The fact that political processes and cultural conditions have influenced U.S. abortion law readily appears to contradict Luhmann's thesis of an autopoietically closed legal system. But Luhmann's theory should not be taken lightly, for a clear strength of the perspective is that it stresses the resistance of the legal system in incorporating external factors. Luhmann's theory can account for the fact that changes in law always have to be processed on the basis of principles from within the legal system. Most clearly, in justifying the abortion right with reference to the right to privacy, the Supreme Court in Roe v. Wade decided in line with a constitutional process it had set in motion with Griswold v. Connecticut (1965), when the Court struck down a Connecticut statute outlawing any form of contraception because it invaded married couples' privacy. The Court then for the first time recognized the privacy right to exist under the Constitution. From Luhmann's perspective it can also be noted that the Supreme Court has never considered the moral right to life of the fetus, but only whether the fetus can be judged a person within the confines of the Constitution (Roe 1973:728-30). In the Casey decision, moreover, the Supreme Court decided against overruling Roe's central holding on the basis of the doctrine of stare decisis, the constitutional principle to follow precedent (Casey 1992:699-704). These decisions, then, were based on considerations internal to the legal system.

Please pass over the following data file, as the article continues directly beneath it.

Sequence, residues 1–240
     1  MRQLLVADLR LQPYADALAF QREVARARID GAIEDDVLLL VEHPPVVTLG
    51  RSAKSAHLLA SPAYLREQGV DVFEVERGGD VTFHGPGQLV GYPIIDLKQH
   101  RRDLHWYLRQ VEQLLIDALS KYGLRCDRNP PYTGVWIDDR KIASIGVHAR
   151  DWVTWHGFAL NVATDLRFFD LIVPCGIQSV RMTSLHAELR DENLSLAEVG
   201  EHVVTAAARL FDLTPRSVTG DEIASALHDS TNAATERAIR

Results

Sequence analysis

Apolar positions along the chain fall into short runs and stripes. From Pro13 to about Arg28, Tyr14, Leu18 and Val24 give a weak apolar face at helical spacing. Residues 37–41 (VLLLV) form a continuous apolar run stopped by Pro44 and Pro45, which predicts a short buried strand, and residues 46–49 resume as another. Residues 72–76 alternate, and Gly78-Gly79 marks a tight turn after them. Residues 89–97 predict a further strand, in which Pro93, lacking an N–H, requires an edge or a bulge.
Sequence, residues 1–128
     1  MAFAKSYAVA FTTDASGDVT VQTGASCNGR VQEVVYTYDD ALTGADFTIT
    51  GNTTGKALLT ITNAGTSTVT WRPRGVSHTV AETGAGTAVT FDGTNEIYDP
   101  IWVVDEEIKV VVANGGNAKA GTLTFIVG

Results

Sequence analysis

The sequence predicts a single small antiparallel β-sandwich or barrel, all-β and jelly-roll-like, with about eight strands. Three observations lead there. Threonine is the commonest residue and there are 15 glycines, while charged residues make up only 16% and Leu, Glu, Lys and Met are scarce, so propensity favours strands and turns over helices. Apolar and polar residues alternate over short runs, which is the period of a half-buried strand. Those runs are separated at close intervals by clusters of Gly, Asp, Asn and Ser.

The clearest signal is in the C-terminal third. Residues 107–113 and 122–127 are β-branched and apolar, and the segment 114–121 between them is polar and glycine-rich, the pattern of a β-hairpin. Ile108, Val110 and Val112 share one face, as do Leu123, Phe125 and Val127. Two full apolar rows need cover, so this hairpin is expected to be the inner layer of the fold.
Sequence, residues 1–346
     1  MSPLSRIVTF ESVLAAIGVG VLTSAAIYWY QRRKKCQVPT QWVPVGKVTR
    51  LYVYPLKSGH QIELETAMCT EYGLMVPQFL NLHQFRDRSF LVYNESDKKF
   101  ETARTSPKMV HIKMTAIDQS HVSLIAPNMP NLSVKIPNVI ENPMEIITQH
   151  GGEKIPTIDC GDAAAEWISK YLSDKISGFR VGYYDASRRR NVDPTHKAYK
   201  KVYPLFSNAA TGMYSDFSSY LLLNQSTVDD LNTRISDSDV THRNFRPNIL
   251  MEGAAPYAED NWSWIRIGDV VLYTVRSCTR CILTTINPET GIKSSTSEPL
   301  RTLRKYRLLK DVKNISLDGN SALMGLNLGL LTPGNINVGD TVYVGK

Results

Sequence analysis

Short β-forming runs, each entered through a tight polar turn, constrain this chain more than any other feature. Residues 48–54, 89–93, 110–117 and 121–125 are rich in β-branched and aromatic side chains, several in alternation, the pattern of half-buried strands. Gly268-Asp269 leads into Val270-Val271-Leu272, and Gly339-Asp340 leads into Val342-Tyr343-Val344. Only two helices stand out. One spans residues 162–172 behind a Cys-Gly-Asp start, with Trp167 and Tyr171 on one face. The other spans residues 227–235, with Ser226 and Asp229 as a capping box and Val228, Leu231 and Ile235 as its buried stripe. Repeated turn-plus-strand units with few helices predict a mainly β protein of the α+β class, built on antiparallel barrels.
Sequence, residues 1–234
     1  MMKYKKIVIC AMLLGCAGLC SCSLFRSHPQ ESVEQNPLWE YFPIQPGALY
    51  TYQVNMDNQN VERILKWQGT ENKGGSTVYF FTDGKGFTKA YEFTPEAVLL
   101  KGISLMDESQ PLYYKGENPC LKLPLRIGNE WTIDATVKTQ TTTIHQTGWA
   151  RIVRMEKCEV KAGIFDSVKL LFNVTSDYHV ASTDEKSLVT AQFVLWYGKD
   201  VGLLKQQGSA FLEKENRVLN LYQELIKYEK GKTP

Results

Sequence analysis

However, Luhmann's theory cannot account for the fact that changes in American abortion law have also come about under political pressures and have reflected and reinforced tensions between diverse cultural values. It could be argued that "the alleged immorality of certain abortion decisions cannot be dispositive of the constitutionality of anti-abortion laws" (Brownstein & Dau 1992:693). But such a narrow legalistic outlook fails to comprehend the constitution as the most authoritative expression of a society's normative foundations, whether understood as an embodiment of "general principles of `Rights'" (Parsons 1970b:358) or as a system of rules structured by principles intended to guarantee a peaceful coexistence of various values systems (Habermas 1992a:309-17). Even when the constitution is comprehended in more factual terms, Luhmann's perspective still neglects the political influences and moral strains infiltrating into the legal system whenever the constitutionality of laws is decided upon by the judiciary. Political office holders can actively promote legal change, notably through the appointment process in the judiciary and through a variety of legislative actions. Interest groups, moreover, can mount a publicity campaign, lobby legislators, hold demonstrations to display the strength of their commitment, make contributions to political parties that support their viewpoint, and generally maintain pressure until abortion laws have changed according to their claims (Kennealy 1988:364). The normative impact of abortion law, too, can in no way be underestimated, as is indicated by the proliferation of pro-life and pro-choice movements on the occasion of legal change (and the intensity and moralistic tone of debate on abortion issues in the popular press as in much of the scholarly literature). The ways in which popular appeals for or against the criminalization of abortion are channeled into law, and how, conversely, law influences popular sentiments and social movement mobilization, indicate dear ruptures in the boundaries of law. Perhaps most damaging to Luhmann's theory is that these influences are not merely a matter of analytical interpretation, but have to some extent also been recognized by the Supreme Court. In Roe v. Wade, for instance, the Court Justices explicitly acknowledged their "awareness of the sensitive and emotional nature of the abortion controversy" (Roe 1973:708). In Casey, likewise, the Court recognized that abortion is "a unique act . . . fraught with consequences for others" about which "reasonable people will have differences of opinion" (Casey 1992:698, 699). Moreover, while Luhmann's perspective suggests that violations of legal norms cannot invalidate those norms, the gap between the criminalization of abortion in the state legislations and the widespread practice of, and growing tolerance towards, abortion was among the factors that contributed to its legalization.